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ant6n

I still don't get it how it's supposed to be mathematically/geometrically impossible to do 100% of transit in small vehicles with, say 10 people in it, if it is possible today to have >50% of transit in slightly smaller vehicles with 1.3 people in it.

Heck, in most of the United states today, if everybody were car sharing with 4 people per car, that would basically be the most efficient transport in terms of space and energy.

I understand an argument about cost, but not one about geometry.

Daniel Howard

My feeling is that any "vision" of flexible services would be to compete with car ownership instead of existing transit. And in that, they have an advantage over personal automobiles in that they don't require dedicated parking space per trip. They could aggravate peak-period congestion, though some percentage of peak-period congestion is based on drivers circling in search of parking.

The vision also works for low-density places where large buses run circuitous routes and at peak usage max out at around 10% capacity. (My local bus in Northern California.) These spaghetti routes are so off-putting that until I asked Google for a route, I hadn't an idea that the local bus could take me to the Light Rail ...

My vision would be one of a flexible service fleet that could schlep you from at or near your house either to a nearby destination or to a high-capacity, frequent-service line. The decisions would likely be cost based, with some economic concessions made for disabled people, who may be better served by long-range point-to-point flexible service.

I think a transit consultant may wish to be careful not to come off as pooh-poohing an idea in its entirely: criticize an over-arching vision but indulge in what parts of the vision could realistically help to improve transit.

-danny

EngineerScotty

The annoying thing about PRT is that its backers seem more interested in going after transit revenue streams than they do in going after highway revenue streams--even though PRT (in its various flavors, including driverless autos operating on unmodified streets) is far more interesting as a replacement for the personal auto than it is for the bus or train.

Aleks Bromfield

@ant6n: Rather than thinking in terms of ceilings or floors or other hard limits, I think it makes more sense to think about this problem in terms of relative efficiency.

At any given level of mobility demand (above a certain threshold), it's more efficient to meet that demand using a highly-connected network of fixed-route services than by using any sort of flexible service.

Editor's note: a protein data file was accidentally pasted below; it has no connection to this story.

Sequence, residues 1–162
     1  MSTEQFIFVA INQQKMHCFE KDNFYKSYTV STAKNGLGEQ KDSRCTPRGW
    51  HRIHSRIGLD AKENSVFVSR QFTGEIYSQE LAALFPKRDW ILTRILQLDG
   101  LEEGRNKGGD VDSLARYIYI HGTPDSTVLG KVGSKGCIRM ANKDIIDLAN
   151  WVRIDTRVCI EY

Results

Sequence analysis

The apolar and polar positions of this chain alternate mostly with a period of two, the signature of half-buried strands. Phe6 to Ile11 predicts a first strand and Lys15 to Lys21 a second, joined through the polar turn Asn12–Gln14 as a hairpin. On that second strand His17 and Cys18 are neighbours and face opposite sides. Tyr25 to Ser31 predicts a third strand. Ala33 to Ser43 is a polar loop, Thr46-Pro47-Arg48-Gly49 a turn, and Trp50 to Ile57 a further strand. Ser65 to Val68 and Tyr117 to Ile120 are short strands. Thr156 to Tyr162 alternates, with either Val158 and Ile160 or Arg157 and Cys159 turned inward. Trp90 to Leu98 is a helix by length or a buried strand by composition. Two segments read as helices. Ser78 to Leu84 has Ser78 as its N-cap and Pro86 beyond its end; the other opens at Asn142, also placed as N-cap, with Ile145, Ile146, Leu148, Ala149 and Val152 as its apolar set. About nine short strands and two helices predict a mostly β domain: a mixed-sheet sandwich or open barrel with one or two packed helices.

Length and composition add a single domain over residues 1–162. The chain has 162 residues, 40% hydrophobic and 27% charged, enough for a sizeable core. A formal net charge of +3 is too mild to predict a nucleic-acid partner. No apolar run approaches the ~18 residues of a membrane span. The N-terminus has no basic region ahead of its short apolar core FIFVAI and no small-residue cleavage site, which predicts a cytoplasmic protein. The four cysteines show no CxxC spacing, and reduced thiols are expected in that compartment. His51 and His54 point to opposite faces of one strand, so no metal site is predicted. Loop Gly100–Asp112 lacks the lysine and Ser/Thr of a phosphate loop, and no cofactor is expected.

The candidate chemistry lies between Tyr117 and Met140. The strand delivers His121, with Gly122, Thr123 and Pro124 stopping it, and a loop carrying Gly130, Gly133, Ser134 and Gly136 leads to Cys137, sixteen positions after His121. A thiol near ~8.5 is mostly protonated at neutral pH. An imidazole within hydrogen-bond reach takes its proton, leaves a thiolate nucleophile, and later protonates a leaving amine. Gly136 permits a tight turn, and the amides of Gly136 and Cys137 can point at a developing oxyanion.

In general, most large American cities have less fixed-route service than they need, rather than more, at least in the urbanized area. (Conversely, outlying areas may have more fixed-route service than they need, often because local politics dictates that it would be "unfair" to provide more service to the city.)

To the extent that flexible-route service replaces fixed route service in dense urban areas, it will almost necessarily make mobility less efficient in those areas. I doubt you'd argue with that.

Now, to the extent that flexible-route service replaces private automobiles, yes, it would make mobility more efficient. But in my experience, there are two main reasons why people choose to drive in a large, congested city. First, they like the ability to come and go whenever they want. High-frequency fixed route services can inherently do a better job of providing this than flexible services. (And if you think people will happily board a bus that might drive a few miles in the opposite direction before heading to their destination, think again.)

And second, there are reasons to drive that aren't directly associated with getting to your destination as fast as possible. Maybe you've got kids with strollers/carseats, or maybe you or your spouse needs a wheelchair, or maybe you're making a big shopping trip, or maybe you're heading to or from an area that has poor transit service.

In all of those cases, even the best transit service in the world won't attract everyone out of their cars. (Even in Manhattan, I believe about 20% of households own at least one vehicle.) So realistically, it's reasonable to expect that flexible-route services will come at the expense of fixed-route ridership, rather than private automobile drivers.

Aleks Bromfield

@EngineerScotty: Take a look at the "comparison" page for the "Ultra" PRT system (currently in use at Heathrow):

http://www.ultraglobalprt.com/the-benefits/in-comparison/

The #1 item on their page is "convenience".

Needless to say, if your objective function is "minimize wait time", a PRT is going to seem very attractive.

That said, it's also very interesting to see this page:

http://www.ultraglobalprt.com/wheres-it-used/heathrow-t5/

The airport has 67 million passengers per year, or over 180,000 per day. And yet Ultra serves only 800 passengers per day. Clearly, this is not competing with fixed-route transit.

Chris M.

I somewhat agree with ant6n.

While replacing a very two minute frequency standard bus size service with one minute frequency at half the size would barely be an improvement in service, replacing a 15 minute frequency service with 7.5 minute frequency mini bus would be a noticeable improvement. Even LA's "Metro Rapid" frequent buses have frequencies of about every 15 minutes.